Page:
It isn't a rivalry. Ohio State-Michigan is a rivalry. USC-UCLA is a rivlary. Texas-Oklahoma is a rivalry.
Alabama-Auburn is an all-consuming football holy war. It is more primal, more organic and more self-defining than anything else in college sports. It's forgotten more about intensity and an addiction to bragging rights than, say, Florida-Florida State or West Virginia-Pitt will ever know.
Forget about table manners; it doesn't have any. It also doesn't care what you think especially what a Yankee thinks. It is unabashedly and unapologetically over the top in a jump-the-shark, provincial kind of way.
Babies are taught to say "Roll Tide," or "War Eagle" at the same time they learn, "Mommy" or "Daddy" -- maybe earlier. The entire state counts the days -- each and every one of them -- until the annual, season-ending Iron Bowl is played. And then they start over again.
"The best thing about this game is also the worst thing about this game," said then-Auburn equipment manager Frank Cox in the definitive Tide versus Tigers book, "A War In Dixie." "It's too important to too many people."
And then last Wednesday a monstrous, unforgiving band of killer tornadoes dragged their funnel spouts through parts of the South, including Tuscaloosa, home of the Bama campus. Now almost nothing, most of all a football game, seems too important anymore.
They called it a natural disaster, but there wasn't anything natural about the carnage and despair the hundreds of twisters caused. Wind speeds on the most vicious tornadoes reached about 200 miles per hour -- or more than 85 mph faster than what Kyle Busch averaged to win a NASCAR Sprint Cup race in Richmond on Saturday.
Entire neighborhoods were pulled apart like cotton balls. Houses vanished. Cars were flicked away. Forty of the 236 Alabamans who lost their lives last week were in Tuscaloosa -- the latest victim a 22-year-old student from UA. More than 300 people in the city are unaccounted for.
The figures change each day. And in a heartwarming and wonderful way, so does the relationship between those who wear Bama crimson and those who wear Auburn blue and orange.
There is no war in Dixie. A football game pulled two football nations apart. Tragedy has brought them together.
Late last week, a 70-person Auburn contingent including coach Gene Chizik, players and administrators traveled in two waves to the Birmingham area -- a Bama stronghold -- to assist with the relief effort. They weren't dressed to the nines in Auburn gear. They didn't burn up their Twitter or Facebook accounts with updates. It was just 70 Auburn folks trying to help those in need.
Chizik did the same sort of thing when he coached at Iowa State. When a tornado tore through little Parkersburg, Iowa, in 2008, Chizik and about 30 players and staff members drove unannounced to the town.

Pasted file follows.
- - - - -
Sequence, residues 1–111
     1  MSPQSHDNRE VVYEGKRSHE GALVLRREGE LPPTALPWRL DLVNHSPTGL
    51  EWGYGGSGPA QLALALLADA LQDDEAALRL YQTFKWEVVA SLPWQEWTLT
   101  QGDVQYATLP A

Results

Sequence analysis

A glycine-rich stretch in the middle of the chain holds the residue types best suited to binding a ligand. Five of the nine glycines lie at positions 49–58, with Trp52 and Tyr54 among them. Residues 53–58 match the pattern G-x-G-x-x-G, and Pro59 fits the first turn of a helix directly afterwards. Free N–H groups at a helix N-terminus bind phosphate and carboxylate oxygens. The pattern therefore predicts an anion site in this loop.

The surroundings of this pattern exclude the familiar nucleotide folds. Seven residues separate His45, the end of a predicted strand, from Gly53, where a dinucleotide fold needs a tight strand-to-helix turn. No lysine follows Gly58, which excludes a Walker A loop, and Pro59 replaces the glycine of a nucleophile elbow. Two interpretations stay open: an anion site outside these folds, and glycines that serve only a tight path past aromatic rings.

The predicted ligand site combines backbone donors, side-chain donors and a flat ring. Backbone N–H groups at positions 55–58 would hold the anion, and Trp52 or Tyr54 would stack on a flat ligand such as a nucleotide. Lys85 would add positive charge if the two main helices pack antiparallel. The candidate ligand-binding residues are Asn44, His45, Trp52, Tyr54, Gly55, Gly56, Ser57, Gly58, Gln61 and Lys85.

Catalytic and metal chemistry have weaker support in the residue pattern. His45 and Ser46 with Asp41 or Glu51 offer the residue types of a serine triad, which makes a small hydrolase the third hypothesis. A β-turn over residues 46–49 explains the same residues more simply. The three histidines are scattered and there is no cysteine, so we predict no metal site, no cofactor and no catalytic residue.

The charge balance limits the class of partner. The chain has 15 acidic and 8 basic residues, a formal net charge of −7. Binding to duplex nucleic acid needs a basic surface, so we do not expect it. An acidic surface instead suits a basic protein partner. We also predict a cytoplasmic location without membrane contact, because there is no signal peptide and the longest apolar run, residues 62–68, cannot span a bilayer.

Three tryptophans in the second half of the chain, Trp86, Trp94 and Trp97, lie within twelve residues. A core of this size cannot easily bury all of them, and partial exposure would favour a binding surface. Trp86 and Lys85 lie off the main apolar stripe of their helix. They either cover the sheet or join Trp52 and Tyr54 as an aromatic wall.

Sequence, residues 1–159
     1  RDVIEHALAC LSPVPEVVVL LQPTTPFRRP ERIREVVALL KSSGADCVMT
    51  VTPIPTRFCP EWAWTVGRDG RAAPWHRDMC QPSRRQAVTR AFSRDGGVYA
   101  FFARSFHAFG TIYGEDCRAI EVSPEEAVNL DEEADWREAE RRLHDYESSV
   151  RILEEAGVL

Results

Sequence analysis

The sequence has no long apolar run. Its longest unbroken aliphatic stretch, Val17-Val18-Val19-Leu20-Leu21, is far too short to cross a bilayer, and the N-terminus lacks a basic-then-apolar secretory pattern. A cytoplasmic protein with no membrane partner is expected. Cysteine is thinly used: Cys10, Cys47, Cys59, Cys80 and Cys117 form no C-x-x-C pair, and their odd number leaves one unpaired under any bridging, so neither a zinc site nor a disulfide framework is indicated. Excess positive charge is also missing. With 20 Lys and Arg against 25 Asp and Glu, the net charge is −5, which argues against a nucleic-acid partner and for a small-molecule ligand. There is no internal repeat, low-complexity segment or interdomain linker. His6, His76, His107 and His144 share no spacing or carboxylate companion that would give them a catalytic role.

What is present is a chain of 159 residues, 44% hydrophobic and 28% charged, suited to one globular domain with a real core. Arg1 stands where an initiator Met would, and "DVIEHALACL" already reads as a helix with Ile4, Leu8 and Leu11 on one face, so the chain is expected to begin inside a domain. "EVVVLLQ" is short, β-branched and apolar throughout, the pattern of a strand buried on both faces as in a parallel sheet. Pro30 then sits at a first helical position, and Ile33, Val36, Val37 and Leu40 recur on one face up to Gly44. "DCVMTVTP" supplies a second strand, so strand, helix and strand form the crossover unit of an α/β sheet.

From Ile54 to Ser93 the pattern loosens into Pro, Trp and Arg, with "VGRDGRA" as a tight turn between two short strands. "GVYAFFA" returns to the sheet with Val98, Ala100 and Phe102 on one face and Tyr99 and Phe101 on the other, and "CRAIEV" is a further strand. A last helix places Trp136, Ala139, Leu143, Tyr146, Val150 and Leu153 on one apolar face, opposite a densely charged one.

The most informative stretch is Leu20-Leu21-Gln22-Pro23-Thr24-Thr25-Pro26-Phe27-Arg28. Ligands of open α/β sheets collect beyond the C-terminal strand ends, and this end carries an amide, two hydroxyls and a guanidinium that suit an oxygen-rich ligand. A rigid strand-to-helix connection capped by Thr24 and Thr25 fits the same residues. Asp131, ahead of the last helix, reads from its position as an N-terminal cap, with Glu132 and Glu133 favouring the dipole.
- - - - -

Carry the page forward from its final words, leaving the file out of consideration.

The devastation throughout Alabama and five other southern states could melt a heart made of dry ice. But then you stumble across Toomer's For Tuscaloosa on Facebook and you discover the goodness of those at Auburn and beyond.
Toomer's Corner is the legendary gathering place for Tigers fans after an Auburn victory. And Toomer's Trees are its signature landmark. No trees have been draped in more celebratory toilet paper than those oaks.
When a Bama nut job recently poisoned the trees, Crimson Tide fans expressed their disgust with the chemical sabotage mission and created a fund to save or replant the oaks. The simple gesture of sympathy didn't go unappreciated by Auburn followers.
Toomer's For Tuscaloosa is a simple idea too: provide a human chain of support and relief for those tornado victims whose stories of loss make you want to sit on a curb and cry.
A young mother needs clothes to wear to her children's funeral.
A triage center needs blankets for its injured patients.
A call for prom dresses goes out -- just so a devastated high school and its senior girls can have a moment's worth of normalcy.
There are diaper drives. Food drives. Fundraisers. The Auburn University Psychological Services Center has provided a hotline number.
Buy a houndstooth magnet in support of the tornado victims. Buy an "A United -- Two teams. One State" T-shirt and a chunk of the sales proceeds go to a relief fund.
Auburn alum Charles Barkley flew to Birmingham to personally thank volunteers and Red Cross workers. And the highways don't lack for relief trucks and cars making the nearly three-hour drive from Auburn to Tuscaloosa.
In a show of solidarity, the Tigers' baseball team wore state of Alabama stickers on the back of their batting helmets last weekend. When the Auburn and Bama baseball teams play each other next weekend at AU, count on a collection fund. And count on Auburn fans happily reaching into their wallets to help.
Chizik and Bama coach Nick Saban stood side by side on the stage of Radio City Music Hall on Thursday as NFL commissioner Roger Goodell asked for a moment of silence in honor of the tornado victims. They were joined by the likes of Auburn's Cam Newton and Nick Fairley and Bama's Mark Ingram, Julio Jones and Marcell Dareus.
"We will move mountains to help each other," wrote a woman named Pam Crawley on the Toomer's For Tuscaloosa site. "We are family -- father, mother, sister and brother. Thank God we live in such a great state. Where people give their all no matter what it takes.
"Roll Eagle and War Tide."
It would be nice if the truce between these two programs would last long after the Red Cross trailers leave. Or at the worst, if the unhealthy holy war was downgraded to a healthy rivalry. But it probably won't happen.
Too bad. The Tigers and the Tide have more in common than they'd like to admit.
It's called the state of Alabama.
Gene Wojciechowski is the senior national columnist for ESPN.com. You can contact him at email@example.com. Hear Gene's podcasts and ESPN Radio appearances by clicking here. And don't forget to follow him on Twitter @GenoEspn.